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  1. #11
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    FWIW, the *leanest* code (does not recreate strings, objects, etc);

    Code:
    var success_handler = function(response, opts){
            makeRequest();
        },
        failure_handler =  function(){
            makeRequest();
        },
        ajaxCfg = {
           url: 'router.php',
           success: success_handler,
           failure: failure_handler,
           params:  { 
                foo: 'bar' 
            }
        };
    
    
    function makeRequest(){
        Ext.Ajax.request(ajaxCfg);
    }
    
    makeRequest();

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    Quote Originally Posted by jsakalos View Post
    He only sets value - I would expect that that cannot/shouldn't cause the leak.
    DOM manipulation is one of the leading causes of memory leaks, IMHO. each browser acts differently.

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    This has been entered into Trac. Thanks!

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    Thank you, what is Trac?

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    Trac is the issue tracker used internally by the Sencha team.

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    Sorry to respond to such an old thread, but this leak is still apparent in Ext 4.0.7 even. I have tested it on IE9 and it seems that the test case will leak more if you return a larger dataset from the server. The odd thing is that the current version of Google Chrome does not leak. With my test case I have also noticed that the memory does hit a ceiling and then stop (but I'm not sure why). I have been using Drip to test the explorer leak after reports of our actually application crashing browsers.memory_leak.png
    The only difference between my test cases with 4.0.7 and 3.2.1 is that 4.0.7 takes about 3x longer to get to the same ceiling. I can provide my test cases if that will help.

    And just so you know, the ceiling it hits is not reasonable for our actual user base, it's about 1.7 Gb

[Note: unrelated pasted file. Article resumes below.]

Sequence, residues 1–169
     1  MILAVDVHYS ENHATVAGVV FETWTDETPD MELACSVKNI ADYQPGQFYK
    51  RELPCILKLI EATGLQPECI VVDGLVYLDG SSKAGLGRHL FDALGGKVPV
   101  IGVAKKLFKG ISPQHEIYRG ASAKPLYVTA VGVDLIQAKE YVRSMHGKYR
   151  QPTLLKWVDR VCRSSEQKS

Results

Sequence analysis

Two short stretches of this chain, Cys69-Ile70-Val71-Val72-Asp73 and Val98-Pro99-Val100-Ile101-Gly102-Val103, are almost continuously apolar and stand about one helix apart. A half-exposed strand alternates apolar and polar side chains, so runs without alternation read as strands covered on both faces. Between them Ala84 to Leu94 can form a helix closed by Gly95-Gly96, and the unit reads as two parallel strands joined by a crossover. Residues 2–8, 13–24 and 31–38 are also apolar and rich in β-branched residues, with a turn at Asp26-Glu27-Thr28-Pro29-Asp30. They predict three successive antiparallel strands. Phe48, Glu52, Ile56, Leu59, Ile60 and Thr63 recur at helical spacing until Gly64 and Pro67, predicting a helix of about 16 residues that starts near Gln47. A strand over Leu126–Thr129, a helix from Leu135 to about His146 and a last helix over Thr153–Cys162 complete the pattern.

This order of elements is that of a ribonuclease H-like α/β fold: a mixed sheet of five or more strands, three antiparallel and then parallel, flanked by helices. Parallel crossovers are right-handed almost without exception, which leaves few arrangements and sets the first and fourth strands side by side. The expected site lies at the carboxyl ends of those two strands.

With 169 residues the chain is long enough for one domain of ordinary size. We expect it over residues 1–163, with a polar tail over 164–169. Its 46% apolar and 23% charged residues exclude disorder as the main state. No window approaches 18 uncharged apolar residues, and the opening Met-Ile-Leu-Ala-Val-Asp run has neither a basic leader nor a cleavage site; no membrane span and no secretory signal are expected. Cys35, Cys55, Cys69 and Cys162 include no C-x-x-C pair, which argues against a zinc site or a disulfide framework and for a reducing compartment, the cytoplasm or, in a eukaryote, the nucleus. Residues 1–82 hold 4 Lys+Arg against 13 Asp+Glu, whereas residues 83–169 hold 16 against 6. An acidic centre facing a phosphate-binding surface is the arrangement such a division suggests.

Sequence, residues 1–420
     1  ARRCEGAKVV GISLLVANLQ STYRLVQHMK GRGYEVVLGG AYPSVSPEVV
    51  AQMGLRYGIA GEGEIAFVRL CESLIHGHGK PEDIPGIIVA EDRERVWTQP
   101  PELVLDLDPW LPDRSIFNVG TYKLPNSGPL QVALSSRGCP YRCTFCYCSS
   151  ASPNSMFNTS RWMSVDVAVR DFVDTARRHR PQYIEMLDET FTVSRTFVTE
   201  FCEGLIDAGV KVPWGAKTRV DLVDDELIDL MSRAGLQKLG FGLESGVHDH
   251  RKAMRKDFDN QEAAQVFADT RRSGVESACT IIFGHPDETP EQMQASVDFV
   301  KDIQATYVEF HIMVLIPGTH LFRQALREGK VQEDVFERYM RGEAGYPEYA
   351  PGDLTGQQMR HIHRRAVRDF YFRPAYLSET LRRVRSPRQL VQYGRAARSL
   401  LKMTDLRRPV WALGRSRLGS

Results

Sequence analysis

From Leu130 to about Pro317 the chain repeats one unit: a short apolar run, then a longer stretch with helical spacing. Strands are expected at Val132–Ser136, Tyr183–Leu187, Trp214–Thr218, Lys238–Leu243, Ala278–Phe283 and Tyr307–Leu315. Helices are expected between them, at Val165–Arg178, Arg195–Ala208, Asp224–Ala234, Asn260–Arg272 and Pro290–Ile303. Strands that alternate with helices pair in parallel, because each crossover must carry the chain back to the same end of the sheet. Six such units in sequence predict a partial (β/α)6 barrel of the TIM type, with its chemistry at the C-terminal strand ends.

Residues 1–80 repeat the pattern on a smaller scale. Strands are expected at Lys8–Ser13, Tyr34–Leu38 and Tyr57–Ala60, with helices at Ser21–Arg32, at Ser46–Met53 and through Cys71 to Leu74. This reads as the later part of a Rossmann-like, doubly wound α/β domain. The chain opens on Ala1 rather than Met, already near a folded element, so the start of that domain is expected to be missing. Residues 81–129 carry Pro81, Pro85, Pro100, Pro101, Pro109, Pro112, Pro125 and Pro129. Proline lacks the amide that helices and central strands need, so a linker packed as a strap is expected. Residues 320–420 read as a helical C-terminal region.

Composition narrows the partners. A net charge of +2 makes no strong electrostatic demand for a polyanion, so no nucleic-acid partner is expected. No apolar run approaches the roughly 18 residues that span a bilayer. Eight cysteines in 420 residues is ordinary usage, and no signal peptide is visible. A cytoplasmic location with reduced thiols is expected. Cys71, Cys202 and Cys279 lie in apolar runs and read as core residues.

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    Hello again,

    According to my research and testing, the issue is with this code in the Ext Base in 3.2.1:
    Code:
    function handleReadyState(o, callback){    callback = callback || {};
            var conn = o.conn,
                tId = o.tId,
                poll = pub.poll,
                cbTimeout = callback.timeout || null;
    
    
            if (cbTimeout) {
                pub.conn[tId] = conn;
                pub.timeout[tId] = setTimeout(function() {
                    pub.abort(o, callback, true);
                }, cbTimeout);
            }
    
    
            poll[tId] = setInterval(
                function() {
                    if (conn && conn.readyState == 4) {
                        clearInterval(poll[tId]);
                        poll[tId] = null;
    
    
                        if (cbTimeout) {
                            clearTimeout(pub.timeout[tId]);
                            pub.timeout[tId] = null;
                        }
    
    
                        handleTransactionResponse(o, callback);
                    }
                },
                pub.pollInterval);
        }
    the variable conn should not be referenced within the onreadystatechange, and 'this' should be used instead. There are also other variables being used from the outer scope and I'm not sure how to handle those, but according to the section: XmlHttpRequest memory management and leaks on this page: "http://javascript.info/tutorial/memo...js-memory-leak" this code will cause a memory leak. And I have tested from within my app to verify that it happens.

    Since 4.0.7 also leaks in the same manner, I assume this code has been carried over, or is still similar. I'm also surprised that more people haven't had this problem.

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    Actually, after more review of the code, I'm not sure if my last post makes sense, but I'm going to leave it there because I believe the issue is still around that code area.

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    I saw this thread again today... fyi, the source of the problem (or one of the sources, or part of the problem) is the way Extjs decodes json (which is used in the ajax call). It uses the eval function which is known to cause memory leaks when used. To work around this I used jQuery's ajax call (which is the only framework I could find that didn't leak in all browsers) and json_parse from https://github.com/douglascrockford/.../json_parse.js which does not use eval to avoid memory leaks. Just posting this to help others in the same situation as I, and maybe to help the Ext with their own solution to this problem.

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    Any more information on this topic?

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